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Comment Re:Presence of self-awareness (Score 1) 401

Jesus! Read a damn book!

You have an awful lot to say about a topic of which you have absolutely no understanding!

Yeah, we get it. You don't believe in free will. You think that makes you look smart and important and thus feel the need to share that fact with others. How you haven't spotted the contradiction in that reasoning is beyond me.

Comment Re:appearing to have free will (Score 2) 401

"But is there really any difference between having free will and appearing to have free will?


Or, put another way, is there really any difference between the illusion of free will and free will?

Still 'Yes'.

Congratulations. You've discovered the most obvious limit of behavioralism.

I think I am in the camp of

... not having a basic understanding of modern philosophy?

Comment Re:Crazy talk! (Score 1) 198

Not only can I read, I have excellent reading comprehension.

at age 8 I had complete root access of the computer and by age 9 I had started to disassemble it for hardware modifications

Scored a Cromemco Miniframe computer by the age of 12

Next time, make an effort to understand what you've read before posting.

Comment Re:Anti-science? See, now you have proof! (Score 1) 316

Aaaand this is exactly the kind of thing that young-earth creationists and climate change deniers will jump on to show that science (and scientists) can't be trusted.

So we should just ignore the problem because a few loons will use it to justify their crazy beliefs? Brilliant.

I weep for humanity.

Comment Re: BULLSHIT (Score 5, Insightful) 198

At age 8 I was reading about black holes in science magazines and had taught myself how to code in GW-BASIC

So you were a perfectly average 8-year-old in the 1980's. Good for you.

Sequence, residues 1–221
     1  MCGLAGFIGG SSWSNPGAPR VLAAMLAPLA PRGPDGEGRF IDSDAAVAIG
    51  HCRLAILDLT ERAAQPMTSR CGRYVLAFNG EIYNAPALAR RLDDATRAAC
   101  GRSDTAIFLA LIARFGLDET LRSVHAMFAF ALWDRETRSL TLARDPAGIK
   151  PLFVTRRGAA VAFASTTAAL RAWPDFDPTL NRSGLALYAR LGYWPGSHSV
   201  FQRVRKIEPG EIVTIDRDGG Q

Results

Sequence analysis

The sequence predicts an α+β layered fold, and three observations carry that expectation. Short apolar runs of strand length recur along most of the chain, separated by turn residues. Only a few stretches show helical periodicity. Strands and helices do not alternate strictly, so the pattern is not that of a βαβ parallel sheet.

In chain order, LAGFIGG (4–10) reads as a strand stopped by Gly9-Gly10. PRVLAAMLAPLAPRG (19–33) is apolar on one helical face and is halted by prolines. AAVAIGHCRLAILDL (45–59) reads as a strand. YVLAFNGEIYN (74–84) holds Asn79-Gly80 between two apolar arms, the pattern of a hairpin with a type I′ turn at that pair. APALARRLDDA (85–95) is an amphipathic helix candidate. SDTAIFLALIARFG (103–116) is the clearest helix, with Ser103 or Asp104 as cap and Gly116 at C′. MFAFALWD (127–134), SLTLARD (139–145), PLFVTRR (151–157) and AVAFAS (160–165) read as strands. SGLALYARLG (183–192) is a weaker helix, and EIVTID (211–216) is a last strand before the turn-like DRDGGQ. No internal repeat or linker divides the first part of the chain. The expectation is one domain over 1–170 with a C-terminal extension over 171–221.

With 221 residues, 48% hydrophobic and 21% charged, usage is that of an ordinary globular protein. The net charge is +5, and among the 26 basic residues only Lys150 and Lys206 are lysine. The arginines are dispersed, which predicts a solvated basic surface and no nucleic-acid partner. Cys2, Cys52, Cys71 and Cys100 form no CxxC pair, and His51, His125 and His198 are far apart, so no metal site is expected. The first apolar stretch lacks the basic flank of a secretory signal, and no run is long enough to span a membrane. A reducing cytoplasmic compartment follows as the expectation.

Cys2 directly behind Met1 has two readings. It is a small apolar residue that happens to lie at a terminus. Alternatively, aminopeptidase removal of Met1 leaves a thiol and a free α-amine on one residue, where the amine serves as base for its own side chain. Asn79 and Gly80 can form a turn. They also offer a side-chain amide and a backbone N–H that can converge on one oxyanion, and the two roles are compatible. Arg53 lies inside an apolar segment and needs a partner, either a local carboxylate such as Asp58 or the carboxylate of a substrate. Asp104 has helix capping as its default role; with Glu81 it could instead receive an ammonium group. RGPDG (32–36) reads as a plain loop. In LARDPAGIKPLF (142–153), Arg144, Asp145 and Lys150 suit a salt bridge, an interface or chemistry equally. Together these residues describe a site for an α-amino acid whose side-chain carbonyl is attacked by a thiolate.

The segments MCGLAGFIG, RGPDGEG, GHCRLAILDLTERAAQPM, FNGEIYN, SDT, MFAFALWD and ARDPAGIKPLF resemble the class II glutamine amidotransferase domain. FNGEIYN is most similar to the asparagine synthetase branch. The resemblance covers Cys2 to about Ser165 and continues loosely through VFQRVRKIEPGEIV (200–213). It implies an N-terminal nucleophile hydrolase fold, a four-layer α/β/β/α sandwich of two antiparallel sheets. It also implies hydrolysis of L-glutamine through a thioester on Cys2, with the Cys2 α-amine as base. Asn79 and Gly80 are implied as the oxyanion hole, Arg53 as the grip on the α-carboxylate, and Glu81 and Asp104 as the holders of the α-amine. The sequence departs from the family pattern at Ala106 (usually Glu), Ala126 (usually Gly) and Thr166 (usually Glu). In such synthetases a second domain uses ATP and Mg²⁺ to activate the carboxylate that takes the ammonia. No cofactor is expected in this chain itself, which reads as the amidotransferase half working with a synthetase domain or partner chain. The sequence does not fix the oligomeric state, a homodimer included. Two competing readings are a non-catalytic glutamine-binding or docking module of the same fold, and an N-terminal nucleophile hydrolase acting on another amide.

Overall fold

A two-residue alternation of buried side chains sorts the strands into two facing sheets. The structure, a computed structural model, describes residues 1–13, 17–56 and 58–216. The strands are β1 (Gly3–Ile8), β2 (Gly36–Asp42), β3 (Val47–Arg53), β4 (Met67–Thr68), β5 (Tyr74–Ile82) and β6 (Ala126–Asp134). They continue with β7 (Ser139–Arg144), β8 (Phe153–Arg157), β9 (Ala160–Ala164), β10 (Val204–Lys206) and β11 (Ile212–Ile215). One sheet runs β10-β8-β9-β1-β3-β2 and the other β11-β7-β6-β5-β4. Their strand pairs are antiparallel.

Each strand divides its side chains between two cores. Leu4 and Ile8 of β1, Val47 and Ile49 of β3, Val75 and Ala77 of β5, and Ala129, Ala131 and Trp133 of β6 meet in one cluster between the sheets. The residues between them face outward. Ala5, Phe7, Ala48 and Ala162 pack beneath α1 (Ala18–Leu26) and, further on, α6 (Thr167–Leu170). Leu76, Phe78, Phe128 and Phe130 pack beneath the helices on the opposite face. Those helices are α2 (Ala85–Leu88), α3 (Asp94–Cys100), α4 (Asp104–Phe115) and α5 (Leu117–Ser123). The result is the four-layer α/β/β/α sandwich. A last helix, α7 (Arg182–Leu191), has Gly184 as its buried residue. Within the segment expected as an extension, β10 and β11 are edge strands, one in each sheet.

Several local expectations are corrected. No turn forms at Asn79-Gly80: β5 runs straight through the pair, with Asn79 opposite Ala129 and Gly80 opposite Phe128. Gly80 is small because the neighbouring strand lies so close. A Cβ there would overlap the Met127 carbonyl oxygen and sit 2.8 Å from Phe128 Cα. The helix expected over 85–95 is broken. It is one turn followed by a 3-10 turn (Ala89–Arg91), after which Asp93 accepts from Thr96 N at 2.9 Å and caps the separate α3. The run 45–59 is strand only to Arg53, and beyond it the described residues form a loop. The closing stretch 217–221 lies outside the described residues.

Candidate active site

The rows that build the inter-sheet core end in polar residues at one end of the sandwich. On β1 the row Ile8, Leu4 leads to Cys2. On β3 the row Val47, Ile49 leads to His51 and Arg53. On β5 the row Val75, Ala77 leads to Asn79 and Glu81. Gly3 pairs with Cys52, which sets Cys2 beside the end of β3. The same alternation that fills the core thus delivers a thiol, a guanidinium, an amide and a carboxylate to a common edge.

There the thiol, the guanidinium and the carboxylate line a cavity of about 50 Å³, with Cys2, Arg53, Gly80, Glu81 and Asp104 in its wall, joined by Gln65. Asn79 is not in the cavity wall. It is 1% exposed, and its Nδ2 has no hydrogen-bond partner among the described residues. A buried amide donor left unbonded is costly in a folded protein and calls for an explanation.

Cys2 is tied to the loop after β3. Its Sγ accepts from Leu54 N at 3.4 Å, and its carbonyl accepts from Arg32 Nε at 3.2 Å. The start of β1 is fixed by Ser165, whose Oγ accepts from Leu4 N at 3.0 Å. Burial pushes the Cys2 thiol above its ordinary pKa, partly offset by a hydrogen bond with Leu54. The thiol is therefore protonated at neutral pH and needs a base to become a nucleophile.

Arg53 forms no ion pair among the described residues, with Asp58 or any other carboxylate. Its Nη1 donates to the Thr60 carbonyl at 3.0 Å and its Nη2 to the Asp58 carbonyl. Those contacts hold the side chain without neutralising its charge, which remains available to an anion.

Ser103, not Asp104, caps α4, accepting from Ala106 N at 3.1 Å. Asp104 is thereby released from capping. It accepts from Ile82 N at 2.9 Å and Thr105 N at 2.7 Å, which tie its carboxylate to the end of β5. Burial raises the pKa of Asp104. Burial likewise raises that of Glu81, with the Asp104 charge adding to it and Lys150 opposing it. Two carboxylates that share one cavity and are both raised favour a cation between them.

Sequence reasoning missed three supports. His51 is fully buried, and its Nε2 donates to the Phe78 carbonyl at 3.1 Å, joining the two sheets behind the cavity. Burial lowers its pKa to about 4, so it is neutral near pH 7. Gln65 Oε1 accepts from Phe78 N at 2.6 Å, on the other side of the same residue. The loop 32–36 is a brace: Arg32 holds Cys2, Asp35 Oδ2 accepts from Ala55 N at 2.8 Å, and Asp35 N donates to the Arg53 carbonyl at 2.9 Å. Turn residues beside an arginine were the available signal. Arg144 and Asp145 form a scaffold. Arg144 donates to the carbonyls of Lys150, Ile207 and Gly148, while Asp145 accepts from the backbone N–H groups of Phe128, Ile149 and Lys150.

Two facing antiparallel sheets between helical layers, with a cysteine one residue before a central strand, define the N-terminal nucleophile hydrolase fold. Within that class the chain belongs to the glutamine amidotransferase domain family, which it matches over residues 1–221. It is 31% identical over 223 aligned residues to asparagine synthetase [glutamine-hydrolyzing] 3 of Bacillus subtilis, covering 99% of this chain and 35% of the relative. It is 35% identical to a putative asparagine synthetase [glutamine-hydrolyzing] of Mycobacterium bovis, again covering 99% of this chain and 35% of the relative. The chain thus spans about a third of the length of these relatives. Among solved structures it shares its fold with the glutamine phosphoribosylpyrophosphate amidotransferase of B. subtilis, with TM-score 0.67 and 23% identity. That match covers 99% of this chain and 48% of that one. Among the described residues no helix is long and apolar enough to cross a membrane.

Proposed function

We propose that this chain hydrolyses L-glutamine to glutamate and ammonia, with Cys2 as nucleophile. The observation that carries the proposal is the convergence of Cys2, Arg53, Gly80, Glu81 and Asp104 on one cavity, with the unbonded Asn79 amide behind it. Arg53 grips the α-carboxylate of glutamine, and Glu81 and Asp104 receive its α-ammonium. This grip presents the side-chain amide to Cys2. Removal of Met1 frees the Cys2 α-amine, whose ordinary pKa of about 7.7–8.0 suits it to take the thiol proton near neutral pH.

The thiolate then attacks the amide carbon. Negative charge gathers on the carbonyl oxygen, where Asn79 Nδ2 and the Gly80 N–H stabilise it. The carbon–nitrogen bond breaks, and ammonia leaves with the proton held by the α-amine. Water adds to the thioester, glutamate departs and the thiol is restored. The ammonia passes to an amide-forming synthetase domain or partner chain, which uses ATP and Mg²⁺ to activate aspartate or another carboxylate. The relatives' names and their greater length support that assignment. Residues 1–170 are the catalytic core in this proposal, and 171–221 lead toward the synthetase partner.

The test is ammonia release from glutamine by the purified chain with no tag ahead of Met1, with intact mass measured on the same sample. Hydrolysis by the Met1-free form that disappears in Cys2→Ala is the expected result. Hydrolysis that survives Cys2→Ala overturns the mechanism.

It was a different time. Kids today have advantages we would have killed for, sure, but they also face different problems. Parents also face dramatically different social and legal pressures.

When we were kids, it wasn't a big deal to ride your bike a few miles to a friends house, not checking in until after dark to ask if you can stay over night. Today, you're face would end up on the news before lunch, and net your parents a few visits from social services.

Christ, just look at shit like this. If it were satire, it would be too implausible to be funny, but that's reality.

Why can't little Johnny code? Because we suspended him for planning out a game where you shot alien space ships with guns. The Horror!

Blame "culture" if you want, but it's a culture we've created. We're not kids any more. This is our world now. We did this. We're the ones who allow nonsense like the above to continue unchecked.

What are you going to do about it?

Submission + - Ask Slashdot: Why Isn't There More Public Outrage About NSA Revelations? (slashdot.org)

Nerval's Lobster writes: If a new report in The Washington Post is accurate, the National Security Agency (NSA) has siphoned up millions of online address books and contact lists. The Post drew its information from top-secret documents provided by government whistleblower Edward Snowden, who spent the summer feeding information about the NSA to a variety of news outlets. Those documents hint at the massive size of the NSA’s operation; on a single day in 2012, for example, the agency collected 444,743 email address books from Yahoo and 22,697 from Gmail, along with tens of thousands of contact lists from other popular Web services. Snowden's documents (as outlined in The Guardian, Spiegel Online and other venues) have detailed a massive NSA program that's siphoning all sorts of personal information from a variety of sources — and yet the public seems to have greeted each new revelation with weakening outrage. Whereas the initial news reports about NSA splying in June kicked off a firestorm of controversy and discussion (aggravated by the drama of Snowden seeking asylum in pretty much any country that would have him), the unveiling of the NSA’s Great Contact-List Caper has ranked below the news stories such as the government shutdown, negotiations over Iran’s nuclear program, and invites for Apple’s upcoming iPad event on aggregators such as Google News; it also didn't make much of a blip on Twitter and other online forums. There’s the very real possibility that Americans, despite the assurances of government officials, are being monitored in a way that potentially violates their privacy. Surely that’s an issue that concerns a great many individuals; and yet, as time goes by, it seems as if people are choosing to focus on other things. Are we suffering from "surveillance fatigue"?

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